Work on the The Dictionary of Medieval Latin from British Sources (DMLBS) began in 1913.
It was completed this month, 58,000 entries, 3,830 pages, and 17 volumes later:
Begun in 1913, the finished dictionary is the culmination of a century-long enterprise which has had over 200 researchers working on it over the decades. Based on the writings found in poetry, sermons, chronicles, scientific texts, legal documents, state records, accounts and letters that were created between the years 540 and 1600 by thousands of authors who were born or worked in Britain, theDictionary includes material from well-known works such as the Domesday Book, Magna Carta and Bayeux tapestry.
Dr Richard Ashdowne, the current editor of the Dictionary and a member of Oxford University’s Faculty of Classics, said, “This is the first ever comprehensive description of the vocabulary of the Latin language used in Britain and by Britons between AD 540 and 1600. For the last hundred years, the project has been systematically scouring the surviving British medieval Latin texts to find evidence for every word and all its meanings and usage.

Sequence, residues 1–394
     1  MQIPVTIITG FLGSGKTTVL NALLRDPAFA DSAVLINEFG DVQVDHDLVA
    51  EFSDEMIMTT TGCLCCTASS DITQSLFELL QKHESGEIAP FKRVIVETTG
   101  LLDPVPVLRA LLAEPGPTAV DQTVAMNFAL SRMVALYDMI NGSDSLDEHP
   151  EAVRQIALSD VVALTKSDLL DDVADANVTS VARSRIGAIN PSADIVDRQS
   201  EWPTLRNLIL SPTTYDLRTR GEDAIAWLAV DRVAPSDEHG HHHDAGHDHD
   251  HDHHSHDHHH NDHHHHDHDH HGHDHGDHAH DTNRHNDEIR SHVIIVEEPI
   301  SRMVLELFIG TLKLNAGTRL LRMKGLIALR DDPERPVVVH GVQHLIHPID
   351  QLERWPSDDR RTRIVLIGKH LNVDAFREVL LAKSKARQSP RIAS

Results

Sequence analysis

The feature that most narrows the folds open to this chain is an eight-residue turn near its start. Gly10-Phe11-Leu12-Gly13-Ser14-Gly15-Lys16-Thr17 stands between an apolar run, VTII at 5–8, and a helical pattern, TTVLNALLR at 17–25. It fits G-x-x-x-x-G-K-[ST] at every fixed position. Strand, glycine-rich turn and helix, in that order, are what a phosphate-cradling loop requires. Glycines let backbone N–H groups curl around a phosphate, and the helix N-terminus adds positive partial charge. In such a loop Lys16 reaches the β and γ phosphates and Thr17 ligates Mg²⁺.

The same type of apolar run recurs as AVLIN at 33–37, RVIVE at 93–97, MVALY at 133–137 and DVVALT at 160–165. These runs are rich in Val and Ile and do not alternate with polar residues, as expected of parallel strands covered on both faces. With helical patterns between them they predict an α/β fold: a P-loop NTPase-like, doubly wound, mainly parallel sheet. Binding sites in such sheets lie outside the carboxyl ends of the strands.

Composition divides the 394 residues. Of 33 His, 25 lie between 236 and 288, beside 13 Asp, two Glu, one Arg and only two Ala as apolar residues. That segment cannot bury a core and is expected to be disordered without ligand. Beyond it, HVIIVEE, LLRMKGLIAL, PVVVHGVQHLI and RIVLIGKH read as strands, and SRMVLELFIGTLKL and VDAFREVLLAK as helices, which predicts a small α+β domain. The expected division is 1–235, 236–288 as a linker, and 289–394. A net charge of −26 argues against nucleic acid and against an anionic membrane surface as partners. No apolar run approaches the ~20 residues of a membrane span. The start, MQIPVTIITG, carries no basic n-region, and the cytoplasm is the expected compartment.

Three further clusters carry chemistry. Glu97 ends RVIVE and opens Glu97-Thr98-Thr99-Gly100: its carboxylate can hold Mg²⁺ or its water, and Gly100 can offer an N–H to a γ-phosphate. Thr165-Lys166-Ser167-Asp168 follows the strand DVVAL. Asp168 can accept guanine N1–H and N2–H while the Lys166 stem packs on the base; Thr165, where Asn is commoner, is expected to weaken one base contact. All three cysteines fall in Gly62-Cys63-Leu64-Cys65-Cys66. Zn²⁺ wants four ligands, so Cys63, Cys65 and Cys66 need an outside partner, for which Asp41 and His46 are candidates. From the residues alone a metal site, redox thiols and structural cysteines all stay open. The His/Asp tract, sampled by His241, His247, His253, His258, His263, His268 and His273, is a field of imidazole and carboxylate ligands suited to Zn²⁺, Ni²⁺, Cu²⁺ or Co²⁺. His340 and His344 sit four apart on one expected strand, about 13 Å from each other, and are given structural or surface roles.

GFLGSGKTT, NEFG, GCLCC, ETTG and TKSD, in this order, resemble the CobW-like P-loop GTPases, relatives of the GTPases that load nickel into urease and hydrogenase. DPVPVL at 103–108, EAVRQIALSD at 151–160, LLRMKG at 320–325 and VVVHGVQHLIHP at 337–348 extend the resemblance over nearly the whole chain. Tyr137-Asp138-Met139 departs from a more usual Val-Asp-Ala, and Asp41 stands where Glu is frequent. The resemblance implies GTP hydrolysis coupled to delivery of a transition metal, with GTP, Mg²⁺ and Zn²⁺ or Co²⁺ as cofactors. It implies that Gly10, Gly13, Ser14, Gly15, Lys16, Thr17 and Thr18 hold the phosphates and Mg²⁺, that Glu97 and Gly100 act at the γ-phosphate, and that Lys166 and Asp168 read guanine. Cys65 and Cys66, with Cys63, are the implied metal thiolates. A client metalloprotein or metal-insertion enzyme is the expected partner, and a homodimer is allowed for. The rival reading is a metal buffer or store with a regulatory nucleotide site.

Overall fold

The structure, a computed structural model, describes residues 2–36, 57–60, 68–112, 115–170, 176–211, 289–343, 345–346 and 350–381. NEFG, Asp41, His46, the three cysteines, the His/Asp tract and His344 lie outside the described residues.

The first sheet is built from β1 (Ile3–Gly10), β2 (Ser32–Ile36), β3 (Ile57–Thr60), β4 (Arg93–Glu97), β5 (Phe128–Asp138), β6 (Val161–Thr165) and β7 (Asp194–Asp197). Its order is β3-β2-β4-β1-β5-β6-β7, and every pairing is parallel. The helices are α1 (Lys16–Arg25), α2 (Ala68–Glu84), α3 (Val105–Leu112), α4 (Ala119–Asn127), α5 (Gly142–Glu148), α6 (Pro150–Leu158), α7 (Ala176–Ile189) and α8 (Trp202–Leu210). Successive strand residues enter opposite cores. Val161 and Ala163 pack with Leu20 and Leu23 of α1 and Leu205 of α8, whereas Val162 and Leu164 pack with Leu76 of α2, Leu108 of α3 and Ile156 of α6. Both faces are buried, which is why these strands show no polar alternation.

“Much of this fundamental work was done in the early years of the project by a small army of volunteers, including historians, clergymen, and even retired soldiers. They provided the project with illustrative example quotations copied out from the original texts onto paper slips – an early form of crowdsourcing that had previously been used in the preparation of the Oxford English Dictionary.
“During its existence the project has accumulated an estimated 750,000 such slips. Nowadays, in addition to this invaluable resource, which covers a vast quantity of material only available in the form of the original manuscripts, we also have access to large electronic databases enabling us to examine the works of authors such as the Venerable Bede more thoroughly than ever before.”